Cases reported "Skin Diseases, Parasitic"

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1/5. Human infestation by Ophionyssus natricis snake mite.

    A family presented with a papular vesiculo-bullous eruption of the skin, found to be caused by the snake mite, Ophionyssus natricis (Cervais, 1844). A pet python was the primary host. Treatment of the animal and its environment led to clearance of the human skin lesions.
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keywords = animal
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2/5. Case report: gnathostomiasis in two travelers to zambia.

    gnathostomiasis is a systemic infection caused by migrating nematode larvae of the genus gnathostoma. It is a zoonosis involving a wide variety of animals as intermediate and definitive hosts, and consumption of raw fish is the main risk factor. The condition is most commonly seen in southeastern asia, but has been described in a number of other countries, all outside africa. We report the infection in two travelers returning from southcentral africa, who presented with non-specific symptoms and marked eosinophilia, and in whom schistosomiasis was initially suspected. The typical migratory skin lesions of gnathostomiasis appeared later. The infections responded well to albendazole. The patients acquired the infection in western zambia; this region of africa appears to be a newly identified risk area for gnathostomiasis in tourists who indulge in eating raw freshwater fish.
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keywords = animal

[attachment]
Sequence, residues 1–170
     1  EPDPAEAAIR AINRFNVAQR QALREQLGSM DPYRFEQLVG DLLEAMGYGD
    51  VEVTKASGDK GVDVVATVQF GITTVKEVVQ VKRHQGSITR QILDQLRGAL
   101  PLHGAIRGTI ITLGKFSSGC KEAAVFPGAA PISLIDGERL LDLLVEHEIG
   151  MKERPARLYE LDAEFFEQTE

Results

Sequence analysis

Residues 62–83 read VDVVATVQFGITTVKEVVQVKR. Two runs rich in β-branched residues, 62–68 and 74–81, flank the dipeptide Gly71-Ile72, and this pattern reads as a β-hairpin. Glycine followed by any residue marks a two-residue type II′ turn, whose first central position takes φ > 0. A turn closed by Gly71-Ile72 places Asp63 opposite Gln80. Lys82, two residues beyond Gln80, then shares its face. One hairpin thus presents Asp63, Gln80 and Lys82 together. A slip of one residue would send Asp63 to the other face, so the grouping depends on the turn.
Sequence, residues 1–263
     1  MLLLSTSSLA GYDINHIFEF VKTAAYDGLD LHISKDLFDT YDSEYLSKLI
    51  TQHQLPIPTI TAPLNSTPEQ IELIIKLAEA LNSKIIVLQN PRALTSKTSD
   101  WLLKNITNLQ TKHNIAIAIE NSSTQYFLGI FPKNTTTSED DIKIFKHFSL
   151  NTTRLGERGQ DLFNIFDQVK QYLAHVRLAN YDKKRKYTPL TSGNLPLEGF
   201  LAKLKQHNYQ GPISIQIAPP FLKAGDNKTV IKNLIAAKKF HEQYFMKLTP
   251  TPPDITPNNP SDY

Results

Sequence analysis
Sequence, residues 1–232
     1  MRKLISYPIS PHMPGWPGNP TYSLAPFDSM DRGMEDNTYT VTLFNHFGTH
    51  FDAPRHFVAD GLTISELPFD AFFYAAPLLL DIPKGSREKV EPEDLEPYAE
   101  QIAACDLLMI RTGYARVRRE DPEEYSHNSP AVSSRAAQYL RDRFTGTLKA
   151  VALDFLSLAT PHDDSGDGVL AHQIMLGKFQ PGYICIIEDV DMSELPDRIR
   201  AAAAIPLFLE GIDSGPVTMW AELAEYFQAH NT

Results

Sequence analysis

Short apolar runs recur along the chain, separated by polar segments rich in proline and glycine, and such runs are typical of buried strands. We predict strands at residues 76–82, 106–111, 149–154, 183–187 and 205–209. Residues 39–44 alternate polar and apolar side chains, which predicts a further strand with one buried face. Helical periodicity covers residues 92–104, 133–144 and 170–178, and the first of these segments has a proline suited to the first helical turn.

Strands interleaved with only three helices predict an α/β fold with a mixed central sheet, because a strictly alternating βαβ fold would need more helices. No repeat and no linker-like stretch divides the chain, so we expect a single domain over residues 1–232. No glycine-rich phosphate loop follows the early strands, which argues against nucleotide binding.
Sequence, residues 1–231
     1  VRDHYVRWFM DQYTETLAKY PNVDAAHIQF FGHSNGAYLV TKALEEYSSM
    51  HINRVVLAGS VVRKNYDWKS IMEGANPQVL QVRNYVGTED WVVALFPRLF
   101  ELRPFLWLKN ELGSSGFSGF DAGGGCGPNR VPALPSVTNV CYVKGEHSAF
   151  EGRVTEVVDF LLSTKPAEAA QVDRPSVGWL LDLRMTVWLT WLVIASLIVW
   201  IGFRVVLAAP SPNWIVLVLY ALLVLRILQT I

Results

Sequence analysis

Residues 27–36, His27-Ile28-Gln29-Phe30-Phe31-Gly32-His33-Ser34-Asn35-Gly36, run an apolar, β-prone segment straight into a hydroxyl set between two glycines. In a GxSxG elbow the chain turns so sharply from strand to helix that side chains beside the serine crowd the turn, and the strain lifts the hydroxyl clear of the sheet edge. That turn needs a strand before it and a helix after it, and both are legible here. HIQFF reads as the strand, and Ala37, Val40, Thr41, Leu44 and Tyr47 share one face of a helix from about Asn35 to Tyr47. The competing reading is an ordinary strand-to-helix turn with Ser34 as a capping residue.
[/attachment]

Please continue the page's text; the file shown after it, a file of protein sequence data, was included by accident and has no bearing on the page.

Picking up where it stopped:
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3/5. A case of cutaneous myiasis caused by Wohlfahrtia magnifica.

    myiasis is caused by the invasion of tissues or organs of man or animals by dipterous larvae. The disease is infrequent in turkey; it is observed particularly in people with some predisposing factors. A 46-year-old male farmer with nevoid basal cell carcinoma syndrome (NBCCS) presented with the complaint of a blood-tinged discharge and pain in the left frontal-temporal region for three days. physical examination revealed live maggots in the ulcerous wound resulting from basal cell carcinoma. The larvae were removed with forceps, and the wound was locally dressed with povidone-iodine. The maggots were identified as the third instar larvae of Wohlfahrtia magnifica.
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keywords = animal
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4/5. Cutaneous oesophagostomiasis in man.

    A case is presented of infection by oesophagostomum, a nematode worm, producing a cutaneous nodule in man. Of the 70 individual cases reported in man it is believed that this is the first in which the worm has produced a lesion outside the gastro-intestinal tract and without evidence of bowel infection. This finding suggests either that the worm is able to achieve direct skin penetration or that it can be disseminated from the bowel via the bloodstream or the lymphatics. The pathology caused by oesophagostomum and the possible modes of infection are discussed in relation to studies in animals, particularly simians and cattle.
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keywords = animal
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5/5. dirofilariasis, a rare, usually imported dermatosis.

    dirofilariasis is an animal filariasis, exceptionally transmitted to man. The clinical manifestations are usually one or a few subcutaneous nodules which are frequently mistaken for lipomas or epidermic cysts. Inside the nodule may be found a worm, adult but immature. There are no systemic reactions and the only required treatment is surgical excision of the nodules.
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